Oregon: Medicaid expansion up to 386K (+ snippets for other states)
2018 MIDTERM ELECTION
Time: D H M S
This AP article provides snippets about a handful of states; it'd be nice if they just released the actual report so we could see the hard expansion numbers (as opposed to the total increase numbers, which are still obviously useful but don't distinguish between traditional Medicaid and ACA expansion enrollees):
In Kentucky, for example, enrollments during the 2014 fiscal year were more than double the number projected, with almost 311,000 newly eligible residents signing up. That's greater than what was initially predicted through 2021.
...At least 14 states have seen new enrollments exceed their original projections, causing at least seven to increase their cost estimates for 2017, according to an Associated Press analysis of state budget projections, Medicaid enrollments and cost details in the expansion states. A few states said they could not provide original projections.
...California has enrolled nearly 2.3 million people so far — almost three times more than the 800,257 the state had anticipated. Enrollment in neighboring Washington more than doubled. Oregon's new enrollments have exceeded estimates by 73 percent.
In Michigan, estimated costs have shot up by 50 percent because of soaring enrollment. Ohio's projected costs more than doubled.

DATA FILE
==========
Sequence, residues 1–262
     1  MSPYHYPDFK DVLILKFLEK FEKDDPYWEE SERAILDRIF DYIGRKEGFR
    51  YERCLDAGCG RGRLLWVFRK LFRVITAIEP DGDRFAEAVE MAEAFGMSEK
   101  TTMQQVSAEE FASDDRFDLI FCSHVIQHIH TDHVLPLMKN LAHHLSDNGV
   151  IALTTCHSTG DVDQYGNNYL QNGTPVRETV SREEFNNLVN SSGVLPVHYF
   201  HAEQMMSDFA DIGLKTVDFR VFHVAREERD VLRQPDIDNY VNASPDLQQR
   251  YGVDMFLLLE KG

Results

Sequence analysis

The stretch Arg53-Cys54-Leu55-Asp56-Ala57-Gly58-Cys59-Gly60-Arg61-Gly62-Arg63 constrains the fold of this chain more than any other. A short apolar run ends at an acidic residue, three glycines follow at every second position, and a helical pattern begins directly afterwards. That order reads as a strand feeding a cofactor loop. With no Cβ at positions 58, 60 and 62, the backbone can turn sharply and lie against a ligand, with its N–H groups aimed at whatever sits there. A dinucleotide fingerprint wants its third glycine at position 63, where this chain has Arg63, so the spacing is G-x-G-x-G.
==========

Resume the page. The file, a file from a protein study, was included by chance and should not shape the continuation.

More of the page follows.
...Oregon originally estimated 222,700 newly eligible Medicaid recipients would sign up by the end of June, but that number ballooned to 386,000.
...In New Mexico, where enrollment under the Medicaid expansion surpassed projections by 44 percent, legislative analysts warned last month that the state will not save as much money as originally projected because cost-containing measures have proven difficult to implement.
I covered the California number on Sunday, and I've discussed my home state of Michigan many times in the past, and the Washington, Ohio and New Mexico references don't go into hard numbers, so I can't do much with them. Even the Kentucky number isn't very useful since it only covers 2014 (which I already have), not anything for 2015.
However, the Oregon figure is solid: Until now, my most recent expansion data for Oregon was around 341,000; it looks like I can bump this up to 386K now.